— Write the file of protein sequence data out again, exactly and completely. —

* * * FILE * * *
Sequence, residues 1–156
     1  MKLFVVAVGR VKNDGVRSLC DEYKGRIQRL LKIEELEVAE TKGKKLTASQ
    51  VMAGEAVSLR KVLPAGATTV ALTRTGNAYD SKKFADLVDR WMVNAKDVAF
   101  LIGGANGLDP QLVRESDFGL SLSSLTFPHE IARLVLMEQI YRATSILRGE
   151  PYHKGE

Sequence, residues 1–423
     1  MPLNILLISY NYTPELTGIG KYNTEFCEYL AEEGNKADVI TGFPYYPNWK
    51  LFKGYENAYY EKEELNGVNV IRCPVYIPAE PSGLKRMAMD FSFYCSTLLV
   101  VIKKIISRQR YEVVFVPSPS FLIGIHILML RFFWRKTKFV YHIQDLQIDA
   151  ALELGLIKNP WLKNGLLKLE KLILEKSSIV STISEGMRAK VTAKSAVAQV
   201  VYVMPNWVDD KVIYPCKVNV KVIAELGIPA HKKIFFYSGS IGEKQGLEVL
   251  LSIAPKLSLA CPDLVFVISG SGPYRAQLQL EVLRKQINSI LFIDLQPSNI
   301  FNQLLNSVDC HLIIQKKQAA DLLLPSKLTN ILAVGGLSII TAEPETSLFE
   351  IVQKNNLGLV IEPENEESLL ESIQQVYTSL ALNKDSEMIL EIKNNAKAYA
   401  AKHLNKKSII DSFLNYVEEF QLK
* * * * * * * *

Sequence, residues 1–156
     1  MKLFVVAVGR VKNDGVRSLC DEYKGRIQRL LKIEELEVAE TKGKKLTASQ
    51  VMAGEAVSLR KVLPAGATTV ALTRTGNAYD SKKFADLVDR WMVNAKDVAF
   101  LIGGANGLDP QLVRESDFGL SLSSLTFPHE IARLVLMEQI YRATSILRGE
   151  PYHKGE

Sequence, residues 1–423
     1  MPLNILLISY NYTPELTGIG KYNTEFCEYL AEEGNKADVI TGFPYYPNWK
    51  LFKGYENAYY EKEELNGVNV IRCPVYIPAE PSGLKRMAMD FSFYCSTLLV
   101  VIKKIISRQR YEVVFVPSPS FLIGIHILML RFFWRKTKFV YHIQDLQIDA
   151  ALELGLIKNP WLKNGLLKLE KLILEKSSIV STISEGMRAK VTAKSAVAQV
   201  VYVMPNWVDD KVIYPCKVNV KVIAELGIPA HKKIFFYSGS IGEKQGLEVL
   251  LSIAPKLSLA CPDLVFVISG SGPYRAQLQL EVLRKQINSI LFIDLQPSNI
   301  FNQLLNSVDC HLIIQKKQAA DLLLPSKLTN ILAVGGLSII TAEPETSLFE
   351  IVQKNNLGLV IEPENEESLL ESIQQVYTSL ALNKDSEMIL EIKNNAKAYA
   401  AKHLNKKSII DSFLNYVEEF QLK